RKO (whose rights consisted of only the original film and its sequel) signed over the North American, Latin American and Australian distribution rights to its film library to Ted Turner in a period spanning 1986 to 1989 via his company Turner Entertainment. Turner merged his company into Time Warner (now WarnerMedia) in 1996, which is how Warner Bros. owns distribution rights in those regions to those two films today, with the copyright over the films (including King Kong and The Son of Kong) remaining with RKO Pictures, LLC (various companies distribute the RKO library in other territories). In 1998, Warner Bros. Family Entertainment released the direct-to-video animated musical film The Mighty Kong, which re-tells the plot of the original 1933 film. 19 years later; in 2017, Warners co-produced the film Kong: Skull Island and in 2021 co-produced the film Godzilla vs. Kong, after Legendary Pictures brought the projects over from Universal to build up the MonsterVerse.
DDL (whose rights were limited to only their 1976 remake) did a sequel in 1986 called King Kong Lives (but they still needed Universal's permission to do so). Today most of DDL's film library is owned by StudioCanal, which includes the rights to these two films. The domestic (North American) rights to the 1976 King Kong film still remain with the film's original distributor Paramount Pictures, with Trifecta Entertainment & Media handling television rights to the film via their license with Paramount.
In the 1960s, Japanese studio Toho licensed the character from RKO and produced two films that featured the character, King Kong vs Godzilla (1962) and King Kong Escapes (1967). Toho's interpretation differed greatly from the original in size and abilities.
Among kaiju, King Kong was suggested to be among the most powerful in terms of raw physical force, possessing strength and durability that rivaled that of Godzilla. As one of the few mammal-based kaiju, Kong's most distinctive feature was his intelligence. He demonstrated the ability to learn and adapt to an opponent's fighting style, identify and exploit weaknesses in an enemy, and utilize his environment to stage ambushes and traps.
In King Kong vs. Godzilla, Kong was scaled to be 45 m (148 ft) tall. This version of Kong was given the ability to harvest electricity as a weapon and draw strength from electrical voltage. In King Kong Escapes, Kong was scaled to be 20 m (66 ft) tall. This version was more similar to the original, where he relied on strength and intelligence to fight and survive. Rather than residing on Skull Island, Toho's version of Kong resided on Faro Island in King Kong vs. Godzilla and on Mondo Island in King Kong Escapes.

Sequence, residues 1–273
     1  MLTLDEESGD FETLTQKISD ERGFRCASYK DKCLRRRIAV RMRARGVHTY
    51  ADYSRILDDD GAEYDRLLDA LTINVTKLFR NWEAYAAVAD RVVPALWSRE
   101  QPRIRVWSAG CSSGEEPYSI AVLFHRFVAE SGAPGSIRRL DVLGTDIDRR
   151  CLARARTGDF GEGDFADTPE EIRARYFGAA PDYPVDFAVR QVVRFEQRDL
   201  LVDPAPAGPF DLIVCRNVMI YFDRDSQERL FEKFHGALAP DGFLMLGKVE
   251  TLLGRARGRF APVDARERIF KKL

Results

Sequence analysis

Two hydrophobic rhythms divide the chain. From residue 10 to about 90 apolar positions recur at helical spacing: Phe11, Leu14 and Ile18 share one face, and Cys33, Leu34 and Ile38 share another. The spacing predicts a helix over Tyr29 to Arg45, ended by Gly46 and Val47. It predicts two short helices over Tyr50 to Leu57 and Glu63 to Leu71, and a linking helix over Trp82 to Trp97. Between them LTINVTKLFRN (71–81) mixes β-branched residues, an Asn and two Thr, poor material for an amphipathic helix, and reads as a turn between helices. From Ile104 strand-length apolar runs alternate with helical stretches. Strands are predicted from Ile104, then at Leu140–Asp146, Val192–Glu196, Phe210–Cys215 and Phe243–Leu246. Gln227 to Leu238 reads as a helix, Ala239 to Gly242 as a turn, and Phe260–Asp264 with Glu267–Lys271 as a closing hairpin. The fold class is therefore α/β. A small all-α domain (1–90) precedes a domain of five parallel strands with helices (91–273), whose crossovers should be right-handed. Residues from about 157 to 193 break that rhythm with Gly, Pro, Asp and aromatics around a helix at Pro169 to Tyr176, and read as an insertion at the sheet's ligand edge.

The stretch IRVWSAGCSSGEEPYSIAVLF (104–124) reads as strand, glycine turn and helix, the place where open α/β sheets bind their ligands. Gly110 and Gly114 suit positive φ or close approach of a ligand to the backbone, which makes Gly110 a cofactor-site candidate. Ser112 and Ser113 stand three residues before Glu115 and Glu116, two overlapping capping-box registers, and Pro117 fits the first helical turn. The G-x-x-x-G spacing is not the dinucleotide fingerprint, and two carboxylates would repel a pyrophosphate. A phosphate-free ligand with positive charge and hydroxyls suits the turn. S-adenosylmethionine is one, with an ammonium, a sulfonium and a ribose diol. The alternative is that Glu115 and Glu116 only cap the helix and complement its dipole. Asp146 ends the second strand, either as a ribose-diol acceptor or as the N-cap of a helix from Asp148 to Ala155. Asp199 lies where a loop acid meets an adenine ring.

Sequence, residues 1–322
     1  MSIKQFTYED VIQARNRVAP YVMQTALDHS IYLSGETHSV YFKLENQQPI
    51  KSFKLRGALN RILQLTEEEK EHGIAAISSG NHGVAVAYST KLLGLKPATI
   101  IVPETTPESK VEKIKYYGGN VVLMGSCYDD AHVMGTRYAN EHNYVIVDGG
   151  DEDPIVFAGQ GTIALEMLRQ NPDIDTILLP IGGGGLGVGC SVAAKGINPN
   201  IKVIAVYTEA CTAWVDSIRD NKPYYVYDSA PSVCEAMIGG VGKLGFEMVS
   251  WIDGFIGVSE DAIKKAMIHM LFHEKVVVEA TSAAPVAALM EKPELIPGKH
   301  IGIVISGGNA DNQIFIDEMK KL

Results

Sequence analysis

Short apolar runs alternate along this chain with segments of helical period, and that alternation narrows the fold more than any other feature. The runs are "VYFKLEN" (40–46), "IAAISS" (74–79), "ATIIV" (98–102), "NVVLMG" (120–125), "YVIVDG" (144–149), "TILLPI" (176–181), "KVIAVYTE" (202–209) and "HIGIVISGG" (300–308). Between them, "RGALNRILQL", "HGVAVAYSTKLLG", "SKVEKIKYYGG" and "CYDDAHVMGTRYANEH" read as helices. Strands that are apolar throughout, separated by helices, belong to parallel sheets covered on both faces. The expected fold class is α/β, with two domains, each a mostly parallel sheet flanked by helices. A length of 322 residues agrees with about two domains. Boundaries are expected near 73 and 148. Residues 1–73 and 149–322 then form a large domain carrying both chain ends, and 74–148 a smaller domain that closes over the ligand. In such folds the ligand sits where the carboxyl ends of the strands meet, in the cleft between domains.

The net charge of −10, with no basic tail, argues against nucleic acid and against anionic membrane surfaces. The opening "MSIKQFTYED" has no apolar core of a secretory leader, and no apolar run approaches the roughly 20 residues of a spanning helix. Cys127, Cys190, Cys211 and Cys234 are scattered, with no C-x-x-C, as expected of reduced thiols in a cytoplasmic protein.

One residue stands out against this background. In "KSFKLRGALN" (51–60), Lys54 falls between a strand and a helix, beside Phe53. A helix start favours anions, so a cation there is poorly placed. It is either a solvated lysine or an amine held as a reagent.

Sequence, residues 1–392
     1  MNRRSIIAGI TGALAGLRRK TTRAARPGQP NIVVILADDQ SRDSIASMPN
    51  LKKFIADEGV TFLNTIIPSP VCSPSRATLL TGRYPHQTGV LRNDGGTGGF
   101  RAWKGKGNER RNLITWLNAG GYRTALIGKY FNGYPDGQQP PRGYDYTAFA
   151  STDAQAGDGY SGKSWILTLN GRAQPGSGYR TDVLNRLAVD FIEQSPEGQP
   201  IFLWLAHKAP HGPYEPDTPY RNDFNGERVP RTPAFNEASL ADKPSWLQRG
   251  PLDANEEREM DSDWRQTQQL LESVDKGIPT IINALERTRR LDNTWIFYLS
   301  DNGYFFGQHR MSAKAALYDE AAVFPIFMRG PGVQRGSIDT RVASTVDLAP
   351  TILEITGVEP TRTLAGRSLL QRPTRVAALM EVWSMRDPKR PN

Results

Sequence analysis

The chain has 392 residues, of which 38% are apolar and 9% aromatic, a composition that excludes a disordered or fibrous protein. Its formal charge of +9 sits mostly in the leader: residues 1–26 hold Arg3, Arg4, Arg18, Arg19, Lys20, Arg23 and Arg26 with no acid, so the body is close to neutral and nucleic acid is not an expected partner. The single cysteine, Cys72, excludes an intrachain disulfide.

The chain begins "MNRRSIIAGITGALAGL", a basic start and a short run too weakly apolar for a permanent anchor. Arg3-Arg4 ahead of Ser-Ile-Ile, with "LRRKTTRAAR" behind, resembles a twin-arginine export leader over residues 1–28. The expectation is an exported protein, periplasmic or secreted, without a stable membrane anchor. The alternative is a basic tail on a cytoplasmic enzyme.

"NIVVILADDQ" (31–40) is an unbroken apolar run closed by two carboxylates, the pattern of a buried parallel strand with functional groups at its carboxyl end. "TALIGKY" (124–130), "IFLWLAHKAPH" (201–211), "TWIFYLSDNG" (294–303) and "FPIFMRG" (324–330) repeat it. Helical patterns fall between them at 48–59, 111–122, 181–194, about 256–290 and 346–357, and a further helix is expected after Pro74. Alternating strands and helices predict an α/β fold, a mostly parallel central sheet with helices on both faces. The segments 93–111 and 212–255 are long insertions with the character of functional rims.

In 1966, Toho planned to produce Operation Robinson Crusoe: King Kong vs. Ebirah as a co-production with Rankin/Bass Productions, however Ishirō Honda was unavailable at the time to direct the film and, as a result, Rankin/Bass backed out of the project, along with the King Kong license. Toho still proceeded with the production, replacing King Kong with Godzilla at the last minute and shot the film as Ebirah, Horror of the Deep. Elements of King Kong's character remained in the film, reflected in Godzilla's uncharacteristic behavior and attraction to the female character Daiyo. Toho and Rankin/Bass later negotiated their differences and co-produced King Kong Escapes in 1967, loosely based on Rankin/Bass' animated show.
Toho Studios wanted to remake King Kong vs. Godzilla, which was the most successful of the entire Godzilla series of films, in 1991 to celebrate the 30th anniversary of the film, as well as to celebrate Godzilla's upcoming 40th anniversary. However, they were unable to obtain the rights to use Kong, and initially intended to use Mechani-Kong as Godzilla's next adversary. But it was soon learned that even using a mechanical creature who resembled Kong would be just as problematic legally and financially for them. As a result, the film became Godzilla vs. King Ghidorah, with one last failed attempt made to use Kong in 2004's Godzilla: Final Wars.
King Kong, as well as the series of films featuring him, have been featured many times in popular culture outside of the films themselves, in forms ranging from straight copies to parodies and joke references, and in media from comic books to video games.
The Simpsons episode "Treehouse of Horror III" features a segment called "King Homer" which parodies the plot of the original film, with Homer as Kong and Marge in the Ann Darrow role. It ends with King Homer marrying Marge and eating her father.
The 2005 animated film Chicken Little features a scene parodying King Kong, as Fish out of Water starts stacking magazines thrown in a pile, eventually becoming a model of the Empire State Building and some plane models, as he imitates King Kong in the iconic scene from the original film.
The controversial World War II Dutch resistance fighter Christiaan Lindemans—eventually arrested on suspicion of having betrayed secrets to the Nazis—was nicknamed "King Kong" due to his being exceptionally tall.
Frank Zappa and The Mothers of Invention recorded an instrumental about "King Kong" in 1967 and featured it on the album Uncle Meat. Zappa went on to make many other versions of the song on albums such as Make a Jazz Noise Here, You Can't Do That on Stage Anymore, Vol. 3, Ahead of Their Time, and Beat the Boots.
In 1972, a 550 cm (18 ft) fiberglass statue of King Kong was erected in Birmingham, England.
Daniel Johnston wrote and recorded a song called "King Kong" on his fifth self-released music cassette, Yip/Jump Music in 1983, rereleased on CD and double LP by Homestead Records in 1988. The song is an a cappella narrative of the original movie's story line. Tom Waits recorded a cover version of the song with various sound effects on the 2004 release, The Late Great Daniel Johnston: Discovered Covered.
ABBA recorded "King Kong Song" for their 1974 album Waterloo. Although later singled out by ABBA songwriters Benny Andersson and Björn Ulvaeus as one of their weakest tracks., it was released as a single in 1977 to coincide with the 1976 film playing in theatres.